Background: Escherichia coli bacteremia is a major cause of severe sepsis in children. Little is known about predictors of severity.
Methods: We analyzed 84 children ≤18 years of age with E. coli bacteremia from the prospective COLIBAFI study performed during 2005–2007. The severity of bacteremia was defined as occurrence of death or transfer to intensive care unit. Studied characteristics included age, gender, birth weight, history of prematurity, immunodepression, nosocomial infection, portal of entry, phylogenetic group and subgroup belonging, O-type, virulence gene content and antimicrobial susceptibility. We compared bacterial characteristics in urinary- versus digestive-source bacteremia, in children ≤3 versus >3 month of age, and in children versus adults. We also searched for risk factors of severity.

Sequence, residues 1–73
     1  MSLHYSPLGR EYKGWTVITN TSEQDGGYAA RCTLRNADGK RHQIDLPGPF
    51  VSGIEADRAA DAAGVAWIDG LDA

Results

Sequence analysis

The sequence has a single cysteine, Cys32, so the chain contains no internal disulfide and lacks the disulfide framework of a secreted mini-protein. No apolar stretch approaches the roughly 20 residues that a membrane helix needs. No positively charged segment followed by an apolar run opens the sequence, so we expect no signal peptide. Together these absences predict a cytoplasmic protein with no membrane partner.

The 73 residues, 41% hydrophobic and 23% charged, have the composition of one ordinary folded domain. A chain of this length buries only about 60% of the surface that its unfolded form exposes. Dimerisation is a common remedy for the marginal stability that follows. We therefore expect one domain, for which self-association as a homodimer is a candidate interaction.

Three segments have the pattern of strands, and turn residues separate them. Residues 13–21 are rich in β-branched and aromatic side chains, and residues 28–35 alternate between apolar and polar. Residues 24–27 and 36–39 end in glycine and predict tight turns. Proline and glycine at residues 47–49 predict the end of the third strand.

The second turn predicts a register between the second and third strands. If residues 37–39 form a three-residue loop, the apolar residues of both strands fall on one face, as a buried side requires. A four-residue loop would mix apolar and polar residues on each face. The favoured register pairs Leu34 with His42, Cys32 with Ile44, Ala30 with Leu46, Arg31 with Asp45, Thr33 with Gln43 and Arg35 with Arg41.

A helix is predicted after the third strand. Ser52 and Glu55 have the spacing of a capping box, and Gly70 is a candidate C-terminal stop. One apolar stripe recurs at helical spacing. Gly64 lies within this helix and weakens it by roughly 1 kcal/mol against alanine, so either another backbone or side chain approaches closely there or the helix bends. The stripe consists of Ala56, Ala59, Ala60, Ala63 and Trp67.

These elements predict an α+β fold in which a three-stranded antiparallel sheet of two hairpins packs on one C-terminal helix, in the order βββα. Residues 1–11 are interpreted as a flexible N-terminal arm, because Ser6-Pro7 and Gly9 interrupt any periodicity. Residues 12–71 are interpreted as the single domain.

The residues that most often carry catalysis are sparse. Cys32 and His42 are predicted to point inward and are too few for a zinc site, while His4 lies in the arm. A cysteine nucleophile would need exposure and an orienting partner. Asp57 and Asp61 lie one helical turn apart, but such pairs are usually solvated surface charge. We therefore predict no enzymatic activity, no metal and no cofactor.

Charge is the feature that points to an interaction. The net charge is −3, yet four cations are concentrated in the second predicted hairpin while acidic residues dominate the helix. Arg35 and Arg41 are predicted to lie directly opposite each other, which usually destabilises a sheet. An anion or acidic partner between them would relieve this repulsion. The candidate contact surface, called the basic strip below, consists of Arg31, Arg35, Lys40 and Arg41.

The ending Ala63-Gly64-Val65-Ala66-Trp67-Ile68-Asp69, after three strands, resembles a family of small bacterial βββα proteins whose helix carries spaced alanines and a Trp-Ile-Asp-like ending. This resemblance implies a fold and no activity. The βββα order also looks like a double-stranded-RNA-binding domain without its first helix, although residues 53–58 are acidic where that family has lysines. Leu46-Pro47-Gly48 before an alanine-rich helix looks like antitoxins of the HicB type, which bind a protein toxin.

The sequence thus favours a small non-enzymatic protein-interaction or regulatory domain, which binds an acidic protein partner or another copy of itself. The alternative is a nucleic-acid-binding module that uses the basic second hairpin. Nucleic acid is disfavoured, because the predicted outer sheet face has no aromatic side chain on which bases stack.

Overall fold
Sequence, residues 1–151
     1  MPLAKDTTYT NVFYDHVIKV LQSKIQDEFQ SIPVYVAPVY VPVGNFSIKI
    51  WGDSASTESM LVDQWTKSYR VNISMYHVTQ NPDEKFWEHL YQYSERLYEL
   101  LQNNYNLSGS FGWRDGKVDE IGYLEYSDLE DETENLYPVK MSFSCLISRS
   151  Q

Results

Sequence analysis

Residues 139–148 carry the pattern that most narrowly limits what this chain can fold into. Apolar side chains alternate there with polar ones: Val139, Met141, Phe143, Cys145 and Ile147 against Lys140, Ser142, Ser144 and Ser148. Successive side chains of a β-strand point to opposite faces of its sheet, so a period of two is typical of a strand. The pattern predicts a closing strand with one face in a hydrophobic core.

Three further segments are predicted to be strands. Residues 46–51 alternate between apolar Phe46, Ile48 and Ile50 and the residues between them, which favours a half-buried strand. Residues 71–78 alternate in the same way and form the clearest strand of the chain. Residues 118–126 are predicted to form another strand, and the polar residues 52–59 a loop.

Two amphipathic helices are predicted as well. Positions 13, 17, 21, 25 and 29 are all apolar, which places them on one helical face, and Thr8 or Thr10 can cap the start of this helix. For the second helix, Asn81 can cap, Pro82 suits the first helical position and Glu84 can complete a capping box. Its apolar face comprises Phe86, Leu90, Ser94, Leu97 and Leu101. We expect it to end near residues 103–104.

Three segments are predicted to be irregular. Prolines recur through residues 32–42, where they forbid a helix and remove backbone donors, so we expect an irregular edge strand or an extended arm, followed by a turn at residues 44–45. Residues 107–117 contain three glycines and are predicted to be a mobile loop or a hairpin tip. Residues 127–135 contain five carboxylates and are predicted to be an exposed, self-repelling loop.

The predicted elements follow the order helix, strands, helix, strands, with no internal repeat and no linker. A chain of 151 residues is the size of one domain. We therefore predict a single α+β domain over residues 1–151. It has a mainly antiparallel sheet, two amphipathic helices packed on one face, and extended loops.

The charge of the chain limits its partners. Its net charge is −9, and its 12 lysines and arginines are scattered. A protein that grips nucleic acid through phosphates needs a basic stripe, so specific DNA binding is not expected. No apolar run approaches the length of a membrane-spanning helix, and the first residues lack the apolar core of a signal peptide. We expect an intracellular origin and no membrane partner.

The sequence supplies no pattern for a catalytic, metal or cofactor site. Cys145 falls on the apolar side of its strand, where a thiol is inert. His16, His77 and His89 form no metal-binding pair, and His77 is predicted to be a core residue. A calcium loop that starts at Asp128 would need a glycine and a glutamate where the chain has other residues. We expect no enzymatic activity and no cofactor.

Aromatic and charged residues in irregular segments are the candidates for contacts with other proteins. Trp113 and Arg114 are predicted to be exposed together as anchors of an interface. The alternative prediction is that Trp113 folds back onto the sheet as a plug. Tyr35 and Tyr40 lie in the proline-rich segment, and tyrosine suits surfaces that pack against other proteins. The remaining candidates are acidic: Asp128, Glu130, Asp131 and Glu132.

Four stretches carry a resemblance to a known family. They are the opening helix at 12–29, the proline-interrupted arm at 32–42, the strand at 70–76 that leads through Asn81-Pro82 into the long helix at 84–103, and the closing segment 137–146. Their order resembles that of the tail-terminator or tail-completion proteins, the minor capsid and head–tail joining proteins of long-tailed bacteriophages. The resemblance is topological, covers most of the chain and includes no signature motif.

Results: Median age was 2.4 months, 57% males. Most frequent portals of entry were urinary (66.2%) and digestive (19.5%) tracts. Most isolates (63.1%) belonged to B2 phylogroup. Strains in children ≤3 months of age exhibited more virulence genes, especially neuC and fyuA/irp2, and were less resistant to antibiotics than in children >3 months of age. Comparing community-acquired urinary-source bacteremia between children and adults, we found that bacteremia were less severe in children, whose strains exhibited a specific virulence gene repertoire and had a higher resistance score than in adults. Seventeen children (20.2%) had a severe bacteremia and 8 died. Non-urinary portal of entry and age ≤3 months of age were the only risk factors associated with severity.
Conclusions: E. coli strains responsible for bacteremia exhibit specific characteristics according to age of children. However, host characteristics and portal of entry are the main determinants of severity of E. coli bacteremia in children, as observed in adults.